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NUMERICAL INVESTIGATION OF SEDIMENT

EROSION AND CAVITATION OF FRANCIS


TURBINE
Group Members:
Ram Manandhar – 42164
Bikash Singh – 42174
Ranjeet Twayna – 42175
Introduction
• Large quantities of sediment with hard abrasive particles
in Himalayan rivers of Nepal.
• Quartz as a main constituent (more than 50%), along with
feldspar and other hard minerals having hardness more
than 5 Moh’s scale.
• Erosion is mostly observed around stay vanes, guide
vanes and runner blades.
• Cavitation occurs when the static pressure of the liquid
falls below its vapor pressure, the liquid boils and large
number of small bubbles of vapors are formed Figure 1 Cavitation in Runner [2]
Introduction
• It presents unwanted consequences such as flow instabilities, excessive vibrations,
damage to material surfaces and degradation of machine performance.
• Performance characteristics of sediment and cavitation erosion on a hydraulic
Francis turbine can be investigated using ANSYS-CFX.

Figure 2 Eroded Guide vanes [1] Figure 3 Erosion at Runner outlet [1]
Objectives
• To investigate the cavitation phenomenon in Francis turbine.
• To study sediment erosion in the Francis turbine.
• To propose the optimum design having low cavitation and sediment erosion effect
Francis turbine.
Scope
• This project studies the cavitation effect and sediment erosion effect on low head
and simplified Francis turbine of 14-kilowatt.
• The effects are analyzed through CFD analysis using ANSYS.
• Analysis will be done both in part load and full load conditions.
Limitation
 Numerical analysis in this project is only applicable for the 14-kilowatt low head
Francis turbine.
Methodology
Mechanism of Particle Erosion
• Wear caused by the impacts of solid or liquid particles on a solid surface
• Accompanied with relatively small particles with several number of wear mechanisms

Figure 4 Abrasive erosion Figure 5 Fatigue


Methodology
• Affected by several factors that can be categorized into:
i) Operating conditions: velocity, acceleration, impingement angle, flux rate
or concentration, medium of flow and temperature
ii) Eroding particles properties - size, shape hardness and material
iii) Target material properties - chemistry, elastic property, hardness and
surface morphology

Figure 6 Plastic deformation Figure 7 Erosion by brittle fracture


Methodology
Theory of cavitation
• The phenomenon of formation, growth, travel and sudden collapsing of the vapor
bubbles
• When the vapor bubbles collapse, very high pr. is created
• The metallic surfaces, above which these vapor bubbles collapse, is subjected to
these high pr., which cause pitting action on the surface
• Cavities are formed on the metallic surface and also considerable noise and
vibration are produced
Activities
Literature Review Design Sediment erosion
detection

Cavitation phenomenon
Optimization Analysis
using ANSYS
Set current design (X1,X2,X3)

CFD solver

Solve Cavitation effect Solve Sediment erosion


Optimization
X1- Runner outlet diameter
Compute objective function Compute objective function X2- Peripheral velocity at inlet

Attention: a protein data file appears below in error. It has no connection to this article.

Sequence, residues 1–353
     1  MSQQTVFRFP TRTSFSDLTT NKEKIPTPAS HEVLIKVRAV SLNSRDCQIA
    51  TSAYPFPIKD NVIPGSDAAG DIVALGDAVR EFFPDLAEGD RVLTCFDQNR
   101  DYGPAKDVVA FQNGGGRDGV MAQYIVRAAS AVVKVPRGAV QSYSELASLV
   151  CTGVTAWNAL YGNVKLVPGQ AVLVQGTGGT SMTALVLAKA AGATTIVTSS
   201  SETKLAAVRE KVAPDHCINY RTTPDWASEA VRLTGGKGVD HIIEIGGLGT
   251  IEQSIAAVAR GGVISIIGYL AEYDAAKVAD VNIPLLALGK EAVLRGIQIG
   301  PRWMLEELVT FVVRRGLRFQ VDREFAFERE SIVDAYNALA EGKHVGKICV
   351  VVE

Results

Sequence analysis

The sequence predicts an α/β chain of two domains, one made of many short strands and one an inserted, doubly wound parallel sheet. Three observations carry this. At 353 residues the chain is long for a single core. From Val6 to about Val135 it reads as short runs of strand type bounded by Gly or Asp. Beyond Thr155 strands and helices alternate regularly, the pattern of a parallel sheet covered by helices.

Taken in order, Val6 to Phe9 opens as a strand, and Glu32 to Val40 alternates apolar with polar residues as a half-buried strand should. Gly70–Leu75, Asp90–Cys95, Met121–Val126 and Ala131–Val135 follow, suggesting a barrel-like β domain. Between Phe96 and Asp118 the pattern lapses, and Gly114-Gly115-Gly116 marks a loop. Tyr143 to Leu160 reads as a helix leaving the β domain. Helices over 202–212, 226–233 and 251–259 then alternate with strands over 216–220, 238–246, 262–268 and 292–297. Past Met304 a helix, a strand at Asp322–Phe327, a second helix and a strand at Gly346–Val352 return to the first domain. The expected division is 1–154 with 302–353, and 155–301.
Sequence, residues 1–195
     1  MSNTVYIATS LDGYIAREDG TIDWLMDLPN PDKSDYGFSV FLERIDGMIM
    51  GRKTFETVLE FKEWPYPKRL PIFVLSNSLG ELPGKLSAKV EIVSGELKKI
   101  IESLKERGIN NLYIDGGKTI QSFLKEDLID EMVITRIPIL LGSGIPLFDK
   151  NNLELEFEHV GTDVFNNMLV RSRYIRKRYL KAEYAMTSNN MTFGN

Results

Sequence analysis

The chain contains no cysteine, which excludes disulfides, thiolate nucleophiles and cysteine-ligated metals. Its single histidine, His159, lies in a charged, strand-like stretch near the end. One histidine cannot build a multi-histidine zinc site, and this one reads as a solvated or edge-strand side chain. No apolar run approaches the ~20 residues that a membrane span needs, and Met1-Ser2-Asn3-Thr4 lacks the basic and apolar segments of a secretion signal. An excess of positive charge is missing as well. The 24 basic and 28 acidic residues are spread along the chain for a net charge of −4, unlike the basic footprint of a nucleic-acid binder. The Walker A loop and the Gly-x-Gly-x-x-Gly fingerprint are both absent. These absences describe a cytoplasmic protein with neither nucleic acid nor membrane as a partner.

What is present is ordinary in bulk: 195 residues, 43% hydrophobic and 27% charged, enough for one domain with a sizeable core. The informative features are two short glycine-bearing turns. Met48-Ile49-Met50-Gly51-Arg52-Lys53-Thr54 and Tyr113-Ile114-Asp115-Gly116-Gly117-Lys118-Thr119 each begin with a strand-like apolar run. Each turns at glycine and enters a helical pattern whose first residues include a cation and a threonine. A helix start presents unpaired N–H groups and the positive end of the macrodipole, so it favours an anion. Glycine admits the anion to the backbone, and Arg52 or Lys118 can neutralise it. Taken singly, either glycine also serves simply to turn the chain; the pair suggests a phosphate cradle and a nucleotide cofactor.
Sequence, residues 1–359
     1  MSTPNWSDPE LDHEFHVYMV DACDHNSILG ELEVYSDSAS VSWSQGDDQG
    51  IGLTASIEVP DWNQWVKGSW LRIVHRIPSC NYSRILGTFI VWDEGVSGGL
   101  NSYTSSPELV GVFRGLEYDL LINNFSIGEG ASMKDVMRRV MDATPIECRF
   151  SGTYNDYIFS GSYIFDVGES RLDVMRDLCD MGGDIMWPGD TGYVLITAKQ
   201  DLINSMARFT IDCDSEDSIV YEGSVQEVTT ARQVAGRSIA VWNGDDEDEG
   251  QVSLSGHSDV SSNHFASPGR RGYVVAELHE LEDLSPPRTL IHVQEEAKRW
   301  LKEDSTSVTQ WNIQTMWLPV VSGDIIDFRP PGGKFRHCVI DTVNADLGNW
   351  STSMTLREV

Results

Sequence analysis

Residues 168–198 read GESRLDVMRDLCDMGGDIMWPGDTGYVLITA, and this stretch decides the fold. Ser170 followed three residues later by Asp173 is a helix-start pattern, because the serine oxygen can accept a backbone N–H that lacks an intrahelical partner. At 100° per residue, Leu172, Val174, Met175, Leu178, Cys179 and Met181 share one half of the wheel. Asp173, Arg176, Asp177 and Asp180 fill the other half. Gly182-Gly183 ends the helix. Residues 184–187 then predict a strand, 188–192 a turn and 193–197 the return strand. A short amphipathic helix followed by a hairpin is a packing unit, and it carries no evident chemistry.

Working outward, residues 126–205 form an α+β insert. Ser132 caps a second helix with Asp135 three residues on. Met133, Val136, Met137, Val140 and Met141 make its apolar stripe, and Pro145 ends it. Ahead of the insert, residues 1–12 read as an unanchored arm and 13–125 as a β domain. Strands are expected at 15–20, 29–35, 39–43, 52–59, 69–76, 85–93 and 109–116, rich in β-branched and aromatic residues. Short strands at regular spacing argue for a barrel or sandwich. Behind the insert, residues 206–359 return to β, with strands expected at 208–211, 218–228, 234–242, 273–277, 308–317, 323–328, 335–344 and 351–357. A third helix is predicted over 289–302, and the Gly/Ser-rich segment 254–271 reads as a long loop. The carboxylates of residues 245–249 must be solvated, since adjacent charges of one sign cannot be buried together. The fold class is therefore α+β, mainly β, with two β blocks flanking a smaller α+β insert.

f(X1,X2,X3) g(X1,X2,X3) X3- Blade angle distribution

Stop
Condition

Post Processing
Gantt Chart
Week July August September

Work 2nd 3rd 4th 1st 2nd 3rd 4th 1st 2nd 3rd 4th

Project selection

Proposal defense

Literature-review

Meshing

Simulation: sediment erosion and


cavitation

Post-Processing

Final presentation

Work Completed

Work Remaining
Outcomes
• To develop a documented procedure for investigating the effect of sediments and
cavitation on 14-kilowatt low head Francis turbine.
• To predict the sediment erosion effect and cavitation effect on the 14-kilowatt low
head Francis turbine which degrade its performance.
• To justify the design of a 14-kilowatt low head Francis turbine with low cavitation
and sediment erosion effect.
References
[1] O. G. D. M. C. Hari Prasad Neopane, "Sediment Erosion in Hydraulic Turbines," Global
Journal of researches in engineering, vol. 11, no. 6, 2011.
[2] R. S. Pankaj Gohil, "Numerical Study of Cavitation in Francis Turbine of a Small Hydro
Power Plant," Journal of Applied Fluid Mechanics, vol. 9, pp. 357-365, 2016.
[3] S. Chitrakar, "SECONDARY FLOW AND SEDIMENT EROSION IN FRANCIS
TURBINES," 2018.
[4] P. B. S. A. Keshav Kr. Acharya, "Hydraulic and Mechanical Design of Bifurcation for
Hydropower Plants," Department of Mechanical Engineering, Dhulikhel, 2015.
[5] K. G. M. E. O. g. D. B. T. Biraj Singh Thapa, "Effect of Turbine Design Parameters on
Sediment Erosion of Francis Runner," 5-7 January 2012.
[6] F. Avellan, "Introduction to Cavitation in Hydraulic Machinery," in The 6th International
Conference on Hydraulic Machines and Hydrodynamics , Timisoara, Romania, 2004 .
References
[7] E. E. M. F. F. A. M. C. Xavier Escaler, "Mechanical Systems and Signal Processing 20
(2006) 983-1007," 10 August 2004. [Online]. Available: www.sciencedirect.com.
[8] M. M. a. E. Nobile, "Numerical Predictions of Cavitating Flow around Model Scale
Propellers by CFD and Advanced Model Calibration," International Journal of Rotating
Machinery , vol. 2012, no. 10.1155/2012/618180, 2012.
[9] P. J. Gogstad, "Hydraulic design of Francis turbine," Norwegian University of Science
and Technology, Norway, 2012.
[10] B. S. Thapa, "HYDRAULIC DESIGN OF FRANCIS TURBINE TO MINIMIZE
SEDIMENT EROSION," Department of Mechanical Engineering, Dhulikhel, 2012.